“The FBI source claimed that secret meetings between the Kremlin and the President-elect’s team were handled by some of the President-elect’s advisers, at least one of whom was allegedly offered financial remuneration for a policy change lifting sanctions on Russia.”

In reality, all of the allegations against Trump were blatantly false. The reference to “compromising material” referred to baseless allegations laundered by Steele that Trump had hired Russian prostitutes to urinate on a bed in the Moscow Ritz-Carlton where former President Barack Obama had once slept. Steele further alleged that the Russian security services had video of the incident and were using it to blackmail Trump. Even though those specific allegations were not explicitly included in the annex on the Steele dossier, Comey chose to personally brief Trump on them during his January 6, 2017 meeting with Trump.

“I said the Russians allegedly had tapes involving him and prostitutes at the Presidential Suite at the Ritz Carlton in Moscow from about 2013,” Comey told Trump, according to a top secret memo Comey wrote to himself the next day. “I said I wasn’t saying this was true, only that I wanted him to know that it had been reported [in the dossier] and that the reports were in many hands.”

“I said media like CNN had them and were looking for a news hook,” Comey continued. “I said it was important that we not give them the excuse to write that the FBI has the material or [redacted] and that we were keeping it very close-hold.”

In reality, it was the briefing of this attachment by intelligence chiefs that was quickly leaked to CNN and used to provide a veneer of legitimacy to the unverified and uncorroborated allegations. Comey’s briefing itself became the very news hook that CNN needed to pretend that the dossier was a serious document rather than the lunatic ravings of a partisan hatchet man on the payroll of the DNC and Clinton campaign.

Declassified ICA Annex on S… by The Federalist on Scribd

In congressional testimony on March 20, 2017, Comey confirmed that the conversation he had with Trump about the annex on the Steele dossier was classified. When asked by Sen. Angus King (D-Maine) about the circumstances of Comey’s January 6, 2017 meeting with Trump and how they were leaked to the media, Comey refused to answer, saying that he could not divulge information about classified conversations.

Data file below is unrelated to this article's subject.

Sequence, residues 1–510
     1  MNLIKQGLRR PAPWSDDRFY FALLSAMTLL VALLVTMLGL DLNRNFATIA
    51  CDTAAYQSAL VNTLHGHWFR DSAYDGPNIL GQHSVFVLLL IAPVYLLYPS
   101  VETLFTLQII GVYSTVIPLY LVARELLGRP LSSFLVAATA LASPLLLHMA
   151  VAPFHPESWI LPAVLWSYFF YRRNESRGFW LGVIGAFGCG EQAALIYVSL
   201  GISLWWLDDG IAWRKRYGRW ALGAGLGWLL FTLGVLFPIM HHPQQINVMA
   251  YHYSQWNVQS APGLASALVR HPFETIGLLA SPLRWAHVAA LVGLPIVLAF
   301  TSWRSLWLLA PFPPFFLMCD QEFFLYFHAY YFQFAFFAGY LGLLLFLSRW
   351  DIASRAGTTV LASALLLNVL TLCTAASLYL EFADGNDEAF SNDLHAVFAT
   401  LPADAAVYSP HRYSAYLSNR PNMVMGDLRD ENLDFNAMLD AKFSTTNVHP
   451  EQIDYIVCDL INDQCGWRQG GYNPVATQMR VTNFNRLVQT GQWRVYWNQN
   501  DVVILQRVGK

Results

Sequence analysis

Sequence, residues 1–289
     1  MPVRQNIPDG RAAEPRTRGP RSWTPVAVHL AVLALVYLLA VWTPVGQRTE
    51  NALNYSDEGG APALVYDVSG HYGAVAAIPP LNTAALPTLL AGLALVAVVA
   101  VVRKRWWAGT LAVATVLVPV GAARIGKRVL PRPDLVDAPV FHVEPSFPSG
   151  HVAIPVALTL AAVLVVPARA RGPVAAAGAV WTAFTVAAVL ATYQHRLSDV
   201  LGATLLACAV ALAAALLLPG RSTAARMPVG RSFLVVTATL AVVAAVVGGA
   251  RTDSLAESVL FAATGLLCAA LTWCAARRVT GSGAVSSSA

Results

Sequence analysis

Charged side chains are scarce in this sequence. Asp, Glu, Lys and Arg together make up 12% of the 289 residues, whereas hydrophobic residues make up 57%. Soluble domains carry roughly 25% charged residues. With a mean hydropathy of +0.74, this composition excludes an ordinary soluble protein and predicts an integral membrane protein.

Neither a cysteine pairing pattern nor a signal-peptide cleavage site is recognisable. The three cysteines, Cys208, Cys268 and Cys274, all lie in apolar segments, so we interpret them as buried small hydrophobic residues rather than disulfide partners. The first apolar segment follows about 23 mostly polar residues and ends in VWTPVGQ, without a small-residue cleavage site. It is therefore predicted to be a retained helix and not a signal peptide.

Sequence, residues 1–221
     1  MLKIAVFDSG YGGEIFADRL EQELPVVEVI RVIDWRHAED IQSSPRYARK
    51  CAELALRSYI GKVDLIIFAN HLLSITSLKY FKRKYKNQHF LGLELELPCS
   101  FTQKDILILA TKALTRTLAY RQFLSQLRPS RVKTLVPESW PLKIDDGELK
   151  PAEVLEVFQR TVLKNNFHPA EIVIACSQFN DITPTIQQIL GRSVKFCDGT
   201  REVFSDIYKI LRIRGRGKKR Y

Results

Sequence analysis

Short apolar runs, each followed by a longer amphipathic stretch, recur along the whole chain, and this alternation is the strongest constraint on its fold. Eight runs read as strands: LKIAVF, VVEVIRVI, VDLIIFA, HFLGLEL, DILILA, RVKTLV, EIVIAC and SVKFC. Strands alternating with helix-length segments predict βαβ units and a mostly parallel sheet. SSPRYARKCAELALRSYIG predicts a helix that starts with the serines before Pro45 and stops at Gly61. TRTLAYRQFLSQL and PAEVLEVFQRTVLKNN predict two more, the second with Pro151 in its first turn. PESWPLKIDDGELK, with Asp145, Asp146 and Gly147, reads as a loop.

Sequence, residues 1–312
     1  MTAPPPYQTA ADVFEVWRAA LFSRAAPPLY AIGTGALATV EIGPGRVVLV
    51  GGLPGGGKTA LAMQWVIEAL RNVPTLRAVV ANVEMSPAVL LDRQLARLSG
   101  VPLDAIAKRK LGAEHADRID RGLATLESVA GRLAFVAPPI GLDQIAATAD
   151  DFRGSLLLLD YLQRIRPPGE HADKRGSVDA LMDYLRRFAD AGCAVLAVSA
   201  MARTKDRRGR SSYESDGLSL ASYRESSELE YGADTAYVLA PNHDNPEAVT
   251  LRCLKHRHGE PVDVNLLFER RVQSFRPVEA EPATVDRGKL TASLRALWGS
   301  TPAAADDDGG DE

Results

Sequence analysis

“I can’t comment because I do not want to ever confirm a classified conversation with a president or president-elect,” Comey said. “I’m not going to confirm that there was such a conversation because then, I might accidentally confirm something that was in the newspaper.”

“Any unauthorized disclosure of classified conversations or documents is potentially a violation of law and a serious, serious problem,” Comey, who later absconded with classified memorandums following his termination as FBI director, said.

The release of the ICA annex, specifically marked as “Annex A” in the 2017 document, also raises questions about whether former CIA director may have perjured himself before Congress when he denied under oath that the dossier was never part of the ICA.

“Did the CIA rely on [the Steele dossier]?” Rep. Trey Gowdy (R-S.C.) asked Brennan on May 23, 2017.

“No,” Brennan replied.

“Why not?” Gowdy asked in response.

“Because we — we didn’t,” Brennan said. “It wasn’t part of the corpus of intelligence information that we had. It was not in any way used as a basis for the Intelligence Community assessment that was done.”

Brennan and other former Obama administration officials involved in the effort to spy on and later oust Trump from office are reportedly being investigated by U.S. Attorney John Durham, who was tapped by Attorney General William Barr to investigate whether any crimes were committed by federal investigators and their sources throughout the multi-year operation against Trump. To date, not a single person involved in the anti-Trump investigation has been charged with criminal wrongdoing.

Sean Davis is the co-founder of The Federalist.